Other moves are coming, it’s too early to judge on just this one trade — even if they gave up the best player in the deal. This could be the first step toward an impressive roster remake, but we need to see things play out before making a call.

Jimmy Butler returns, hits clutch shots to lift Heat past Celtics

Miami Heat v Boston Celtics
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BOSTON (AP) — Bam Adebayo scored 28 points, Tyler Herro had 26 and the Miami Heat completed a split of two games in Boston, beating the Celtics 120-116 on Friday night after Jaylen Brown banked in a long 3-pointer to force overtime.

Heat leading scorer Jimmy Butler returned to the lineup and had 25 points in 36 minutes after missing the previous seven games with a sore right knee. He added 15 rebounds.

“Obviously having JB back is big time for us,” Herro said. “He helps us in so many different ways.”

Kyle Lowry chipped in with 20 points before fouling out in OT for the Heat, who sent Boston to just its second loss in 16 games.

“My team welcomed me back and let me do what I do,” Butler said. “It was a big `W’ for the team.”

Brown sent the game to overtime by banking in his long 3 with 1.7 seconds to play in regulation. He finished with 37 points.

“It felt good coming off my hand,” Brown said. “I know we wanted to get a shot up off the rim as fast as possible, just in case we missed we could get a rebound, a tip out.”

The Celtics had won 10 straight at TD Garden.

Boston star Jayson Tatum scored just 14 points on a cold shooting night, going 5 of 18 from the floor, including 0 of 7 on 3-point attempts. He had 49 points in the Celtics’ 134-121 victory on Wednesday night.

“That’s the biggest thing about the league; you’re not going to stop anybody from just scoring,” Adebayo said. “I feel like (we’re) making him take tough shots every time we play him and living with the result.”

Butler hit a clutch jumper over Al Horford, making it 110-107 with 5.1 seconds left in regulation before Brown took a pass near midcourt, dribbled to his right and nailed his shot.

In OT, the teams were tied twice before Butler nailed a foul-line jumper over Horford with 1:45 left, but Brown hit two free throws to tie it.

Adebayo nailed two free throws and, after Tatum misfired on a 3, Butler hit a jumper to seal it.

“Jimmy made two tough, tough baskets,” Brown said. “That’s just a credit to his work and his skill and his development. He gets going in games like this; on the road in a hostile environment. … Tonight, two shots that in our defensive scheme we could live with, but Jimmy a big-time player made both of them.”

Unlike Wednesday, when shots were open more and both teams were making them effectively (each shot over 50%), defense was tighter and it resembled more of the postseason matchup last season between the pair that went seven games before Boston captured the Eastern Conference title.

Anthony Davis scores 44, outduels Antetokounmpo (40) leading Lakers past Bucks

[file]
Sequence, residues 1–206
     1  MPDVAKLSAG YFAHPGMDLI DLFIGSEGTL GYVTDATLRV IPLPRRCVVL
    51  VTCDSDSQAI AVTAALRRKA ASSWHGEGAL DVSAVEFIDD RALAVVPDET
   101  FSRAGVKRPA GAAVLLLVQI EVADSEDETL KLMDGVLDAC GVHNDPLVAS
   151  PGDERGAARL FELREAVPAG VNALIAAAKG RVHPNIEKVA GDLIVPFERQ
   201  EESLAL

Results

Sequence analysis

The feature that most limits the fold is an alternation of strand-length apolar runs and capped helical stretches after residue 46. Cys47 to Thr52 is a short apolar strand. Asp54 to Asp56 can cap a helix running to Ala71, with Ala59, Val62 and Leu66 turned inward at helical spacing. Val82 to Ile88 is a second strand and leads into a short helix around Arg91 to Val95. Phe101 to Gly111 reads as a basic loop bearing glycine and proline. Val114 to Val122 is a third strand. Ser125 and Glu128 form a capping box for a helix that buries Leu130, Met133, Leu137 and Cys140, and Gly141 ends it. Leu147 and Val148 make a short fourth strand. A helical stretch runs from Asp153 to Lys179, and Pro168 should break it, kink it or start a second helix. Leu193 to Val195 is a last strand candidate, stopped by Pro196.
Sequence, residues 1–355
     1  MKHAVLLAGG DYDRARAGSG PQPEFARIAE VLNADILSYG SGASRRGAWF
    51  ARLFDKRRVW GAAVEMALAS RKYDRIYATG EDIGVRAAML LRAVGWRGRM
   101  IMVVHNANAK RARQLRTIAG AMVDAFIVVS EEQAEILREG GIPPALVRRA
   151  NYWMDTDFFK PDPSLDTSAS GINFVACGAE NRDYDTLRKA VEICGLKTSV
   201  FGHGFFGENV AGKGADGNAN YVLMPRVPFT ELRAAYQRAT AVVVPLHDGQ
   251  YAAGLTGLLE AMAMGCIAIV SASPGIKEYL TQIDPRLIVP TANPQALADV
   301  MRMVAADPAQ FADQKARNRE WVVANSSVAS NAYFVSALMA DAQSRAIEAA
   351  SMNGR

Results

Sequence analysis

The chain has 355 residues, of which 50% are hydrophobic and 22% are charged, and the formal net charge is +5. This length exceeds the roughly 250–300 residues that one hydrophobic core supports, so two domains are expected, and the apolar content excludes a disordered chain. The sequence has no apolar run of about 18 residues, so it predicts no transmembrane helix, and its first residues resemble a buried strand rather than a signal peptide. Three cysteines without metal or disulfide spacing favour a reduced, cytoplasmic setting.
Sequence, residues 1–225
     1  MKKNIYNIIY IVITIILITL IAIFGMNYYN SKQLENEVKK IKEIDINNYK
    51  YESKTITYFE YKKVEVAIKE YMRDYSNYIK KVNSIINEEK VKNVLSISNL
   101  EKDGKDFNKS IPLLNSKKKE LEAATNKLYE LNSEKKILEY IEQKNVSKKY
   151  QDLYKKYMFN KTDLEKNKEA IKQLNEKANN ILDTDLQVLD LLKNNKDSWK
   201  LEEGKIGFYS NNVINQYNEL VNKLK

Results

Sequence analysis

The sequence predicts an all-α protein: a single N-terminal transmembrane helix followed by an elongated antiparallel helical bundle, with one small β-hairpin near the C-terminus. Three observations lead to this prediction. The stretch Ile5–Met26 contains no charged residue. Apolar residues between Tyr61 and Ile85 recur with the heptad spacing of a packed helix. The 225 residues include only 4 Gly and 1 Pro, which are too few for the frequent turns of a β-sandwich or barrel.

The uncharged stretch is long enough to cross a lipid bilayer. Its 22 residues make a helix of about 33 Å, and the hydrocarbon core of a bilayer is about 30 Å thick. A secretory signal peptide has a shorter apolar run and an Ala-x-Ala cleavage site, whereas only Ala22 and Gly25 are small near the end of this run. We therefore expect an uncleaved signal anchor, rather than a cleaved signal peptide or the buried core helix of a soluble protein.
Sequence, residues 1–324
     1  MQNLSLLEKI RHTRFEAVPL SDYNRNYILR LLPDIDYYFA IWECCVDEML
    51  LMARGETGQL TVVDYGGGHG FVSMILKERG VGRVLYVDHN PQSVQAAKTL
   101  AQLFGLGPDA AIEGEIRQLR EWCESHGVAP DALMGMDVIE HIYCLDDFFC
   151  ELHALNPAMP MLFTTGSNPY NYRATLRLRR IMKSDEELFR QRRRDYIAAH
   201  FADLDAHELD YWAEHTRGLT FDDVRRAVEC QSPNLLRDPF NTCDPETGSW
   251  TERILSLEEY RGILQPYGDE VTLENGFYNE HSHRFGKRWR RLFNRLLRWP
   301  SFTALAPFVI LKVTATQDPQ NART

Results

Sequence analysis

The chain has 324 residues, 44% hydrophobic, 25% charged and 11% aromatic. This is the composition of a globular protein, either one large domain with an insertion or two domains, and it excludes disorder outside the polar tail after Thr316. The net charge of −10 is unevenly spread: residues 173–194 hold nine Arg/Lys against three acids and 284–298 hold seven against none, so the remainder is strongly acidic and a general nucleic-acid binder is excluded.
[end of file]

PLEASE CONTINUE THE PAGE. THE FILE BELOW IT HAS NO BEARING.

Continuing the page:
MILWAUKEE (AP) — Anthony Davis and LeBron James tore apart the NBA’s top-rated defense and gave Los Angeles Lakers coach Darvin Ham a triumphant return to Milwaukee.

Davis scored a season-high 44 points and James passed Magic Johnson on the NBA’s career assists list Friday night in the Lakers’ thrilling 133-129 victory over the Bucks.

It marked Ham’s first game in Milwaukee since taking over as Lakers coach after working as an assistant on Bucks coach Mike Budenholzer’s staff from 2018-22.

Ham and Budenholzer shared a big hug before the game.

“It was a beautiful night,” said Ham, who also played for the Bucks from 1999-2002.

It also was quite a night for Davis, a Green Bay Packers fan who delivered his big performance with Aaron Rodgers in the stands. Davis spoke with the Packers’ four-time MVP quarterback before and after the game.

“I saw him before the game and he said, `I need 30 tonight,”‘ Davis said. “I just saw him and he said, `I only said 30, not 40.’ It’s always good for him to come out and watch the Lakers play.”

James made a tiebreaking 3-pointer with 3:22 left and finished with 28 points, 11 assists and eight rebounds. He upped his career assist total to 10,144 and moved into sixth place, ahead of Johnson’s 10,133.

“It means a lot, obviously,” James said. “The way Magic approached the game, it was very infectious. His teammates loved playing with him because of the joy he played with and the ability to pass the ball and get other guys involved. He was always excited about seeing his teammates be great. I always admired that in him. What’s even more humbling and super duper cool is the fact that I’m doing it in a Laker uniform and knowing how much Magic means to the Laker franchise.”

The Lakers had the highest point total and field-goal percentage (.536) the Bucks had allowed all season. Milwaukee entered Friday with the NBA’s top defensive rating.

“It was too easy, too easy, too easy,” Milwaukee’s Giannis Antetokounmpo said. “They were living in the paint. That’s not who we are.”

Los Angeles withstood a 40-point performance from Antetokounmpo, who also had seven rebounds and five assists.